Getting in the Trenches with Your Team
Justin Lawson is the CEO and Co-Founder of JJELLYFISH, a global B2B sales consultancy that works with early-stage startups and new ventures. Justin has over 13 years of experience in sales and sales strategy, including roles at Apple, Intent Media, and The Muse, and has worked with over 50 startups since starting JJELLYFISH in 2016.
We sat down with Justin to get his take on the impacts of COVID-19 on the B2B sales landscape and what he sees coming for sales managers in the future.
What are some of the obstacles that arise for a sales team suddenly in a remote setting?
The most obvious answer is communication. When you’re remote, you remove all of the magic that happens during the in-between moments. In the office, you can quickly build social capital and ask for support without feeling like you’re inconveniencing someone. In my experience, many sales managers rely on their eyes and trust what they can see. Remove that ability, and things start to change.
On the sales training front, maybe two years ago, I interviewed 50 sales reps and asked how they primarily learn sales skills. Nearly all of them answered, “by listening to high-performing peers that sit next to me.” You can read all the books and listen to all the workshops, but at the end of the day, reps learn most on the job from peers. They are learning from the people they look up to, by hearing them on the phone and the way they sell. When you’re managing a remote team, this is difficult to replicate.
What have been the immediate effects of COVID-19 on B2B sellers?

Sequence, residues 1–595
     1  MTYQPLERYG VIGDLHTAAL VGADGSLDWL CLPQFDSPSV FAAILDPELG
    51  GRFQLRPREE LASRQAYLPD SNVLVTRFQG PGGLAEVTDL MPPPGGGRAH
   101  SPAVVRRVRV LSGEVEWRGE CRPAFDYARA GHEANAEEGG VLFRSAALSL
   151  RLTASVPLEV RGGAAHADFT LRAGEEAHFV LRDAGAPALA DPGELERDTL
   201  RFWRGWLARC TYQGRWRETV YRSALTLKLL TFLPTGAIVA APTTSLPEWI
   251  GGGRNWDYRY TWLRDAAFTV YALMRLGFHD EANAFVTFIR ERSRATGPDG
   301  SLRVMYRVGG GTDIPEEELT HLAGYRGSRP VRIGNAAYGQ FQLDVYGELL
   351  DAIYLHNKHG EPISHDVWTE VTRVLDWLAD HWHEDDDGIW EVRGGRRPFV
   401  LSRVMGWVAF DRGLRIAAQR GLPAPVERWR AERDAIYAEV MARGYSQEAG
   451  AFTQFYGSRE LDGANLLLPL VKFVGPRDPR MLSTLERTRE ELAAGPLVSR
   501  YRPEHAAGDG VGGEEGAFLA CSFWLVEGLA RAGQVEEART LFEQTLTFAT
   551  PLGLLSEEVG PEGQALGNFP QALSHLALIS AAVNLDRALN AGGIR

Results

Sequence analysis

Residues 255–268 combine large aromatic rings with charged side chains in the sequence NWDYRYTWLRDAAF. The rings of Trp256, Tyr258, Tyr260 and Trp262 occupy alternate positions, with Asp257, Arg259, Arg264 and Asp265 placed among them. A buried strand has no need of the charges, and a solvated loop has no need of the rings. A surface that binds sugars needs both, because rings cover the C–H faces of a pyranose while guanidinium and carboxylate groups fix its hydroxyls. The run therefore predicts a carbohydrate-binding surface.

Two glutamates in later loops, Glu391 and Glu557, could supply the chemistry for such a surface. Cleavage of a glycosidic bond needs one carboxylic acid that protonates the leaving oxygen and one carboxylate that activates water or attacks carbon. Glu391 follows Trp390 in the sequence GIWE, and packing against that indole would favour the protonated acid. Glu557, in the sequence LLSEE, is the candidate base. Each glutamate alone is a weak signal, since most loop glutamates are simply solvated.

The world has changed, and so has the context of your buyers’ problems. New unmet needs have emerged alongside new value propositions. We’ve had to go back into customer discovery mode to help understand: is this person still the right person to be targeting? Is this a problem they still care about? How has this impacted their customers? The reality is that you may have to take a step back to take those two steps forward, which could mean changing parts of your business model.
Regarding quota, for most folks, you’d be lying to yourself if you believe it doesn’t need adjustment. It’s important to play the long game here. That means not overselling and exercising patience; not being tone deaf when prospecting; not being out-of-touch with reps on the front-line expecting them to pull a rabbit out of a hat. Put your focus into building relationships and listening to what the market needs now. That way, when the world changes again, you might be in a better position because you’ve prioritized that top-of-funnel work.
What about sales managers? How is COVID-19 affecting the role of the manager?
Short term, sales managers need to do anything they can to contribute to the bottom line, even if that means picking up the phone. A sales manager friend of mine put a quota on his head as soon as the pandemic began. He said, “right now, the most important thing is for us to be successful, and if that means I need to find and run some deals… so be it.” If getting in the trenches with your team helps you keep one more of your people, then that’s what you have to do as a manager.
Long term, with the macro-trend of managing remote teams, I can see a shift away from measuring performance on purely revenue to measuring performance on coaching behaviors. Helping reps to get to new levels of success is what sales managers should be doing with their time, but it’s rarely the case due to competing priorities. I believe the current situation will be a forcing mechanism that prioritizes focused coaching time, especially for those newly remote sales managers.
What do you recommend when implementing sales training?
One thing that’s been drilled into me is the Kirkpatrick Model, 70:20:10. That is, 70% of your learning comes from on-the-job work, 20% comes from your interactions with other folks, and then you have only 10% from workshops or formal training. Unfortunately, most sales coaching and training lives in this 10%, because it’s easy to check a box and say, “this is how sales should be and then that’s the end of it.” I think managers should focus their sales training on the 70%, though it is harder, especially in a remote environment.
Some great insights from Justin!
Many more interviews to come. In the meantime, check out the BuyerSight Blog for additional analysis and advice from leading sales experts.